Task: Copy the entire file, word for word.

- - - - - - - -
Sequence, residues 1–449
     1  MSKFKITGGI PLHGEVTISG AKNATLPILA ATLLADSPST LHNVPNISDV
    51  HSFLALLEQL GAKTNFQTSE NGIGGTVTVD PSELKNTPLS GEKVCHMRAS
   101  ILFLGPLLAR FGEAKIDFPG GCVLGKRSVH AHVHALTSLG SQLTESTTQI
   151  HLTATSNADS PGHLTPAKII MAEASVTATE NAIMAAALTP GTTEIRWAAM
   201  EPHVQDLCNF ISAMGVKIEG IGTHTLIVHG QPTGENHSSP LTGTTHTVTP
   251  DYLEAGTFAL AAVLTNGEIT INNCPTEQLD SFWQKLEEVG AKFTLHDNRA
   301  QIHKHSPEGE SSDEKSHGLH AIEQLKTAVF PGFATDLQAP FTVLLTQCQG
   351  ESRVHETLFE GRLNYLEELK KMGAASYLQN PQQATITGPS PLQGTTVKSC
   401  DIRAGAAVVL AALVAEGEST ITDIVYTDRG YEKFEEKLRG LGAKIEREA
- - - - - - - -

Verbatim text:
Sequence, residues 1–449
     1  MSKFKITGGI PLHGEVTISG AKNATLPILA ATLLADSPST LHNVPNISDV
    51  HSFLALLEQL GAKTNFQTSE NGIGGTVTVD PSELKNTPLS GEKVCHMRAS
   101  ILFLGPLLAR FGEAKIDFPG GCVLGKRSVH AHVHALTSLG SQLTESTTQI
   151  HLTATSNADS PGHLTPAKII MAEASVTATE NAIMAAALTP GTTEIRWAAM
   201  EPHVQDLCNF ISAMGVKIEG IGTHTLIVHG QPTGENHSSP LTGTTHTVTP
   251  DYLEAGTFAL AAVLTNGEIT INNCPTEQLD SFWQKLEEVG AKFTLHDNRA
   301  QIHKHSPEGE SSDEKSHGLH AIEQLKTAVF PGFATDLQAP FTVLLTQCQG
   351  ESRVHETLFE GRLNYLEELK KMGAASYLQN PQQATITGPS PLQGTTVKSC
   401  DIRAGAAVVL AALVAEGEST ITDIVYTDRG YEKFEEKLRG LGAKIEREA